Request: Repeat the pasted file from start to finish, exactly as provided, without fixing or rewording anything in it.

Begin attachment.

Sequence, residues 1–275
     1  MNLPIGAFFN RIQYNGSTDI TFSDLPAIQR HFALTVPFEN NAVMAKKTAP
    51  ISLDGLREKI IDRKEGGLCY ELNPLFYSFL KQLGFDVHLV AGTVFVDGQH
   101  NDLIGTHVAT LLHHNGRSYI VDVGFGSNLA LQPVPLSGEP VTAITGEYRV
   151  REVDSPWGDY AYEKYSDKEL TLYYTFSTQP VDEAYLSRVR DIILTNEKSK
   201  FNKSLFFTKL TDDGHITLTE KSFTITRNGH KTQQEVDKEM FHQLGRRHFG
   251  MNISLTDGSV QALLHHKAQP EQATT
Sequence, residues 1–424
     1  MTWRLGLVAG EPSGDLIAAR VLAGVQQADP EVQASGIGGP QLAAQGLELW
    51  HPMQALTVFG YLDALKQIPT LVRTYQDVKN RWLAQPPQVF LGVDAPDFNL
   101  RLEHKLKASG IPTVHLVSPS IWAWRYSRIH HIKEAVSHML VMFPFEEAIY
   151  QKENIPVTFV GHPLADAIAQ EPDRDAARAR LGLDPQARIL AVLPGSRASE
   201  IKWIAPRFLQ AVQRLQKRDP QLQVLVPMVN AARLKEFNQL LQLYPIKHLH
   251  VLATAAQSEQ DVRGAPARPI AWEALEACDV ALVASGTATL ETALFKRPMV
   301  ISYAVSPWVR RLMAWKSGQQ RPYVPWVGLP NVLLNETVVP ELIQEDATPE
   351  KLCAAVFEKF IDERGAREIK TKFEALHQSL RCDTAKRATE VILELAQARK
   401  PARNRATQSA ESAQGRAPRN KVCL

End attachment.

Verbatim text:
Sequence, residues 1–275
     1  MNLPIGAFFN RIQYNGSTDI TFSDLPAIQR HFALTVPFEN NAVMAKKTAP
    51  ISLDGLREKI IDRKEGGLCY ELNPLFYSFL KQLGFDVHLV AGTVFVDGQH
   101  NDLIGTHVAT LLHHNGRSYI VDVGFGSNLA LQPVPLSGEP VTAITGEYRV
   151  REVDSPWGDY AYEKYSDKEL TLYYTFSTQP VDEAYLSRVR DIILTNEKSK
   201  FNKSLFFTKL TDDGHITLTE KSFTITRNGH KTQQEVDKEM FHQLGRRHFG
   251  MNISLTDGSV QALLHHKAQP EQATT
Sequence, residues 1–424
     1  MTWRLGLVAG EPSGDLIAAR VLAGVQQADP EVQASGIGGP QLAAQGLELW
    51  HPMQALTVFG YLDALKQIPT LVRTYQDVKN RWLAQPPQVF LGVDAPDFNL
   101  RLEHKLKASG IPTVHLVSPS IWAWRYSRIH HIKEAVSHML VMFPFEEAIY
   151  QKENIPVTFV GHPLADAIAQ EPDRDAARAR LGLDPQARIL AVLPGSRASE
   201  IKWIAPRFLQ AVQRLQKRDP QLQVLVPMVN AARLKEFNQL LQLYPIKHLH
   251  VLATAAQSEQ DVRGAPARPI AWEALEACDV ALVASGTATL ETALFKRPMV
   301  ISYAVSPWVR RLMAWKSGQQ RPYVPWVGLP NVLLNETVVP ELIQEDATPE
   351  KLCAAVFEKF IDERGAREIK TKFEALHQSL RCDTAKRATE VILELAQARK
   401  PARNRATQSA ESAQGRAPRN KVCL